Two more Chinese nationals entered Naval Air Station Key West and illegally snapped photographs, according to the FBI.

Yuhao Wang and Jielun Zhang were arrested on base about 30 minutes after they drove past a Navy master-at-arms, which brings to four the number of Chinese citizens arrested over the past 15 months for taking pictures of the Florida base.

An affidavit filed in federal court Monday by FBI Special Agent Chris Klettheimer indicated that the latest incident began at 8:30 a.m. Saturday, when they approached the guard station at Sigsbee Annex in a blue Hyundai vehicle.

The unnamed MA asked the pair for military identification, which they couldn’t provide, took Zhang’s Michigan driver’s license and told them at least twice to make a U-turn and leave the base, Klettheimer wrote.

Instead, they kept driving past signs that indicated it was Navy property. Because she couldn’t leave her post, the MA said she radioed Navy Security Forces to find them.

It took them 30 minutes, but when security personnel located them they found Zhang possessed a Nikon camera. Like Wang’s cellphone, it had recorded images of Sigsbee Annex. Zhang also allegedly photographed military buildings on Fleming Key, the affidavit stated.

“Jielun Zhang explained they continued onto the property, driving around until they stopped, parked the vehicle and took photographs with his camera and videos with his cellular telephone,” Klettheimer wrote. “Jielun Zhang voluntarily showed agents the photographs and videos on the camera and cellular telephone he took while on Sigsbee Annex.”

Court records indicate that both men were born in 1995.

Their pretrial detention hearing is slated for Friday in Key West. Zhang will be represented by Miami attorney Hector L. Flores. Juan J. Michelen, a federal public defendant in Fort Lauderdale, represents Wang.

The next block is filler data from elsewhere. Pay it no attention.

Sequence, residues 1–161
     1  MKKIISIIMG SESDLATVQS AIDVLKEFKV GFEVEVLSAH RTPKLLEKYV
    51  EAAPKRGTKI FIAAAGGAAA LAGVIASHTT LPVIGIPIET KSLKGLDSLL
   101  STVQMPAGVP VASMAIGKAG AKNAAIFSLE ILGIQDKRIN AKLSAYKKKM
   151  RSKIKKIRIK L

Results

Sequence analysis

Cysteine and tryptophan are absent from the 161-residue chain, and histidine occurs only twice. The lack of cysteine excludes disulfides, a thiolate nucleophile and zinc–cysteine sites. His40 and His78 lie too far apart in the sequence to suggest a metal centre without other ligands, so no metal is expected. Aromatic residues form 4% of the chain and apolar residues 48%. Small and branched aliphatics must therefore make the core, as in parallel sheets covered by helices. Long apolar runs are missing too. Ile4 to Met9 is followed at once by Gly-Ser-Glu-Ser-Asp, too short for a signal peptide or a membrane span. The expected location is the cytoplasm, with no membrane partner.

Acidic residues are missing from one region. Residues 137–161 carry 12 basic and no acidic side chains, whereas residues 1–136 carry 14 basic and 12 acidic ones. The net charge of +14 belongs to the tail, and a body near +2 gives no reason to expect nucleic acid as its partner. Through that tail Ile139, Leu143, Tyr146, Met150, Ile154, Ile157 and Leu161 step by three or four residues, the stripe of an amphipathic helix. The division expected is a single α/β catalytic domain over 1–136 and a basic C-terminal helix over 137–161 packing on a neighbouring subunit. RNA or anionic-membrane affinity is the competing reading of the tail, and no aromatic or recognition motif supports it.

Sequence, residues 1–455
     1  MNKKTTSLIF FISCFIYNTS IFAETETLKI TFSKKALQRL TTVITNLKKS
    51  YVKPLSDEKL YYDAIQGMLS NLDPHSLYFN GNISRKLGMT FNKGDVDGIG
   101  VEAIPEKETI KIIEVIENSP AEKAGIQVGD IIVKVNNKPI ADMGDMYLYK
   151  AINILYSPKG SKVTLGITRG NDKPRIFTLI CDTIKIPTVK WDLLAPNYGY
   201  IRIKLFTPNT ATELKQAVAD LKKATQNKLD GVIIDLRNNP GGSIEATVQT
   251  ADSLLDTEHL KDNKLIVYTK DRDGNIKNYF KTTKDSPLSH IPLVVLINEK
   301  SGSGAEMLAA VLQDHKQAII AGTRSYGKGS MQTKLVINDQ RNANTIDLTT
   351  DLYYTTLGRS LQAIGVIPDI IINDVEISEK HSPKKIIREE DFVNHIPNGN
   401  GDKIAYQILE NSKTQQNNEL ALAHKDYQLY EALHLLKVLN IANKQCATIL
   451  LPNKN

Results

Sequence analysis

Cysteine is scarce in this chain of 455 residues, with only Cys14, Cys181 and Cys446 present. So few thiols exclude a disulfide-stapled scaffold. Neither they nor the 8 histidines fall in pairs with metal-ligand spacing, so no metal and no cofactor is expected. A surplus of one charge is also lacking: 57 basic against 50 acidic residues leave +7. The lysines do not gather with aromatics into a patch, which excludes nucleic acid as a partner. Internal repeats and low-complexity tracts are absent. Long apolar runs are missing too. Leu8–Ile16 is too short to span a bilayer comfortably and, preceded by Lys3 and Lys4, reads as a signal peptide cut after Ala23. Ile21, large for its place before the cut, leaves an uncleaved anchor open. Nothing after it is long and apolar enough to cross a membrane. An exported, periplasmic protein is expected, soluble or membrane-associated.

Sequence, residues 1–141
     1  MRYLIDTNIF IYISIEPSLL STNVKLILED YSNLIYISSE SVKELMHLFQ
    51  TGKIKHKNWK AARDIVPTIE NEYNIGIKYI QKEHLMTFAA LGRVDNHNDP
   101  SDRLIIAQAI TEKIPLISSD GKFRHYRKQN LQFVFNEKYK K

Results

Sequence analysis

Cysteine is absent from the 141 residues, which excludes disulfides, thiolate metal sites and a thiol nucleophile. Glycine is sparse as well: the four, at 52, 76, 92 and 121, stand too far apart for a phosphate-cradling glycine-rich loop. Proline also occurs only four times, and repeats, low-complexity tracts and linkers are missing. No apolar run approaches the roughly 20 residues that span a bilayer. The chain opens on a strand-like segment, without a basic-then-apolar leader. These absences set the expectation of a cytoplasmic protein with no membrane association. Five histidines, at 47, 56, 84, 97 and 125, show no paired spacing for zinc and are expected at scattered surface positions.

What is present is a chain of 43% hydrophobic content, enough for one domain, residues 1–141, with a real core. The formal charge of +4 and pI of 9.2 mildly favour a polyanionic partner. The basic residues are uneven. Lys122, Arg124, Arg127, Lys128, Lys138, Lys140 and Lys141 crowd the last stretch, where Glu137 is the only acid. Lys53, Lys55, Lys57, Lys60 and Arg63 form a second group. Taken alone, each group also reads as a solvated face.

Until Monday, Michelen also represented Lyuyou Liao, 27, who was charged on Dec. 26 with unlawfully taking pictures of the base’s Truman Annex.

He’s now represented by Miami attorney Daniel Lawrence Rashbaum.

“My client never intended to trespass,” Rashbaum said in a Tuesday evening email to Navy Times. “He wanted to take pictures of the sunrise, like many other tourists in Key West, and he will be vindicated at trial.”

Because he’s considered a flight risk, Liao is being held without bond.

Attempts to reach the other attorneys for statements Tuesday evening were unsuccessful.

A fourth Chinese man, 20-year-old Zhao Qianli, pleaded guilty last year to illegally taking photographs of Naval Air Station Key West buildings housing Joint Interagency Task Force South, the command’s secure Antenna Farm, and even of signs warning him that it was a restricted area, according to his sentencing file.

Federal authorities said that he lied on his visa application about receiving military training in China. When confronted with a police blouse and People’s Republic of China Interior Ministry belt buckle recovered from his Miami Beach hotel room, he claimed they were given to him by his father so he could “have nice clothes” while visiting the United States.

Sentenced to a year behind bars, he was released from confinement on Nov. 13, according to federal prison records.

Prine came to Navy Times after stints at the San Diego Union-Tribune and Pittsburgh Tribune-Review. He served in the Marine Corps and the Pennsylvania Army National Guard. His awards include the Joseph Galloway Award for Distinguished Reporting on the military, a first prize from Investigative Reporters & Editors and the Combat Infantryman Badge.

In Other News
Load More